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The Business Forum Journal


Transatlantic Trade and Investment Partnership

By Daniel A. T. Dalton
Member of the European Parliament



The critics and cynics of the Transatlantic Trade and Investment Partnership (TTIP) may have found solace in stalling progress in the European Parliament, but I believe that this is a momentous stage for the development of trans Atlantic trade than cannot be just cast aside and forgotten at this moment in history; it is our undeniable duty to ensure that it is both agreed and signed at the earliest opportunity.

Whether you live in Birmingham England, or in Birmingham Alabama, the concerns are broadly the same if you look at the situation from a purely logical point of view � which will allow us to ensure that the interests of the workers and consumers will not, yet again, be sacrificed for corporate greed.

In Europe we have an added dimension in that that people fear environmental regulations will be harmonized with what is perceived to be far less effective and environmental American rules. While in America it would appear that fears are far more about import competition and job outsourcing.

We should never forget that one of government's main duties is to regulate business in the public interest. The key to this responsibility is not to over regulate; should we do that business will not come to our shores and those that have located within our borders will leave.

Company's choose where they wish to locate themselves. eBay in Europe bases itself in Ireland and Amazon in Luxembourg. (Taxes and Trade Regulations alone create these relocations).

TTIP actually gives European and the American governments more control not less. Look at European standards on food safety and chemicals.  Both the U.S. and EU have standards far more robust than those in China, India, Mexico or Brazil.  Just by working together, through such a trade agreement, we could demand that the world follow our lead, or we could simply ban their exports to us as inferior and potentially dangerous to our citizens. Countries that want to sell to us in future will have to meet the legal standard
s we set.  Only TTIP gives us that leverage and improves the safety of our citizens.

The investor-state dispute settlement, which faces strong opposition in Europe, is yet another good example of the benefits our citizens will enjoy.  Provisions like this date back to the 1950's and were intended to encourage foreign investment in countries with weak legal systems.  It allowed investors independent arbitration if governments expropriated their property. TTIP updates this scheme and thereby will ensure that corporations will not have the power to challenge legitimate public regulations and our laws.  How can anyone claim that that is not a good idea?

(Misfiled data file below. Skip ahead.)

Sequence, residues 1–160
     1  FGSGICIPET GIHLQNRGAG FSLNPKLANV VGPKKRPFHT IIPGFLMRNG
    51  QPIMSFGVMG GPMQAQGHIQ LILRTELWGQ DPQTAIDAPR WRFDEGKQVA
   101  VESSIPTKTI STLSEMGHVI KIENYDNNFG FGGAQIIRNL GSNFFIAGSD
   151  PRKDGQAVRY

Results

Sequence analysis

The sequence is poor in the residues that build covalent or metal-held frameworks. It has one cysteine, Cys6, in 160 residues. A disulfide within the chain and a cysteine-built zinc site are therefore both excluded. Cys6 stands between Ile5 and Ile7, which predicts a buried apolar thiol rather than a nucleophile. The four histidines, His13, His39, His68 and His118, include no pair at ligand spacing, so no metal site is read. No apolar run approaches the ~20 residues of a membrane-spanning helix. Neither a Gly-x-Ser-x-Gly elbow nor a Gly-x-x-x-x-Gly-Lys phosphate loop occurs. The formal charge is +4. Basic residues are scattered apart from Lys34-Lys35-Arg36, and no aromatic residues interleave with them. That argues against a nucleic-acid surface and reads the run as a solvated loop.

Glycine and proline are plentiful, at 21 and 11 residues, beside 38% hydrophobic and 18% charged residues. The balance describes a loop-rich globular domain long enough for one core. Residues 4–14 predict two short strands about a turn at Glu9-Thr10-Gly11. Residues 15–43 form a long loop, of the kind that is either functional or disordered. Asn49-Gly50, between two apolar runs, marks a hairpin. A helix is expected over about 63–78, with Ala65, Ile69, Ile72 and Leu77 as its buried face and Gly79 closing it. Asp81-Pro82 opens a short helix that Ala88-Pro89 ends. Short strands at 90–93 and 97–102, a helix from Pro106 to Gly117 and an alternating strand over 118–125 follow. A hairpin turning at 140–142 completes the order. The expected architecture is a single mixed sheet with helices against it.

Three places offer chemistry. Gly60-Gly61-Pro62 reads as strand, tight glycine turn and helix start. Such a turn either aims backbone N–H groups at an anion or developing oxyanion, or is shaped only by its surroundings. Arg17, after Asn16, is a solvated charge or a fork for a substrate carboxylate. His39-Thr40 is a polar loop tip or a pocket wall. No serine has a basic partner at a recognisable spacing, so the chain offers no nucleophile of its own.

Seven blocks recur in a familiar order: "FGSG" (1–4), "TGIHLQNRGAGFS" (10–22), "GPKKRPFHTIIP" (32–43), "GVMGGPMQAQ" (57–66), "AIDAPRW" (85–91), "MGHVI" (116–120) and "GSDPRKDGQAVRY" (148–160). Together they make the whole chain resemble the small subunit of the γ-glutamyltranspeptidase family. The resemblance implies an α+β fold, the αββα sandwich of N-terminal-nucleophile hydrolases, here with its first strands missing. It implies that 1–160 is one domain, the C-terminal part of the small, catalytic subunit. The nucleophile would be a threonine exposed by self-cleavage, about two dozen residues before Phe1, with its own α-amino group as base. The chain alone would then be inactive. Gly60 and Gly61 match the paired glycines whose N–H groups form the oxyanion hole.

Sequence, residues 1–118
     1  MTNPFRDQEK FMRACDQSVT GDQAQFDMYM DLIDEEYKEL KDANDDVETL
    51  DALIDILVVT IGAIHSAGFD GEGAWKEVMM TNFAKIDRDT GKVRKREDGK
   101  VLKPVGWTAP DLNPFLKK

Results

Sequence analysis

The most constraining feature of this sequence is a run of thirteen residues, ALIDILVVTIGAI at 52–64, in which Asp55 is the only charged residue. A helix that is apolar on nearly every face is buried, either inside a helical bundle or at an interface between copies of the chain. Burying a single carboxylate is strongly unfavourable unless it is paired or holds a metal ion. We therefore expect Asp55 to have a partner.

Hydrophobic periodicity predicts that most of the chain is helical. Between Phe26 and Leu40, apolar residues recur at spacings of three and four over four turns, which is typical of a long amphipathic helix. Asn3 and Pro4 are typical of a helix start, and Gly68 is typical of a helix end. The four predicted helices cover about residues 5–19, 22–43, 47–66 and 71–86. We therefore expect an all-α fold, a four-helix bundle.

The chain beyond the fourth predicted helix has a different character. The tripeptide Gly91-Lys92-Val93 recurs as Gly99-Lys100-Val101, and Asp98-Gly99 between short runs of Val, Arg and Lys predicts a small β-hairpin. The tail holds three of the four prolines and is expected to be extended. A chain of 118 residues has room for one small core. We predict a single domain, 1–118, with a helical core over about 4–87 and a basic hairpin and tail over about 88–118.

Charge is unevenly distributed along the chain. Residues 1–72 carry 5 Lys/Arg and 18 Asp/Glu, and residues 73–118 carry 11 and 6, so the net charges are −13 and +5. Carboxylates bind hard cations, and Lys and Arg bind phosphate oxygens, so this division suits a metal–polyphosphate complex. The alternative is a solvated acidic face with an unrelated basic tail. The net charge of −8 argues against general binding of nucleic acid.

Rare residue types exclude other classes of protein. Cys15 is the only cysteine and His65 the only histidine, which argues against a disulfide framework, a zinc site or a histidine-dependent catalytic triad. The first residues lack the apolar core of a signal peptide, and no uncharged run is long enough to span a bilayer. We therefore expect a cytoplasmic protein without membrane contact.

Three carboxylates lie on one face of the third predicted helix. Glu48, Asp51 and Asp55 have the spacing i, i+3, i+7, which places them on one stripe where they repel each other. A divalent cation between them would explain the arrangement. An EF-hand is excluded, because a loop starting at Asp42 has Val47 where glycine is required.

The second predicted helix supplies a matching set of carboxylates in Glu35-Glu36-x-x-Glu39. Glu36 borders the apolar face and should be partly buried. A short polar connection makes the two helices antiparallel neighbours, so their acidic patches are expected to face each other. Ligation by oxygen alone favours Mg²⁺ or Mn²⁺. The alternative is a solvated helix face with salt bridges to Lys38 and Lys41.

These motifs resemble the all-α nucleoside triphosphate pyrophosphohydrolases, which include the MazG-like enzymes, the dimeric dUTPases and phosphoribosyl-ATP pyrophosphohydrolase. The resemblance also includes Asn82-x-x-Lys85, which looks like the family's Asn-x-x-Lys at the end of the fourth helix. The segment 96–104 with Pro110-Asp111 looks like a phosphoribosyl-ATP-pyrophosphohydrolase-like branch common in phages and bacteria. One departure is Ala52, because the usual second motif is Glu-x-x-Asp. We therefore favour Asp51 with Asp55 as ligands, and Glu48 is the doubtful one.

TTIP will also have to address the thorny issue of work place standards.  Since the late eighties Congress has insisted its trade partners adhere to enforceable standards.  A cynic would suggest that this is designed to increase costs for companies, that wish to invest in developing countries by raising wages and improving working conditions.  Since EU regulations and investment rules are much tougher, a properly negotiated TTIP has the chance to strengthen American standards, and to bring the U.S. and EU together in promoting stronger standards in all their trading partner countries.

We now have to sift through two hundred amendments before we get the chance to vote on it. Congress will also get its chance shortly. May I state the obvious, that this is a once-in-a-generation opportunity for governments to write and enforce better rules for global trade.  Failure to act and we have failed the very constituents that need us the most.

Daniel Dalton is a Fellow of The Business Forum Institute and he became a Member of the European Parliament in January 2015, representing the West Midlands region of the United Kingdom for the Conservative Party.  For some years prior to that he was an Agriculture specialist, focused on European agricultural policy and the reform process of the Common Agriculture Policy.  Daniel is a graduate of both Coventry and Warwick Universities. For many years he managed his own sports coaching business and was a professional cricketer for Warwickshire County Cricket Club.  As an MEP Daniel is focused on ensuring the West Midlands diverse interests are represented in Brussels and in Strasbourg The West Midlands is a centre of manufacturing, as well as having a large service sector and being world famous as an area of horticultural excellence.  He sits on the Internal Markets and Consumer Protection Committee (IMCO) of the European Parliament, where he has been appointed as the Coordinator (lead negotiator) for the European Conservatives and Reformists (ECR) Group.  The focus of the IMCO committee is on creating a truly single market throughout the European Union and upon breaking down barriers to trade which many companies often experience when trading across Europe.

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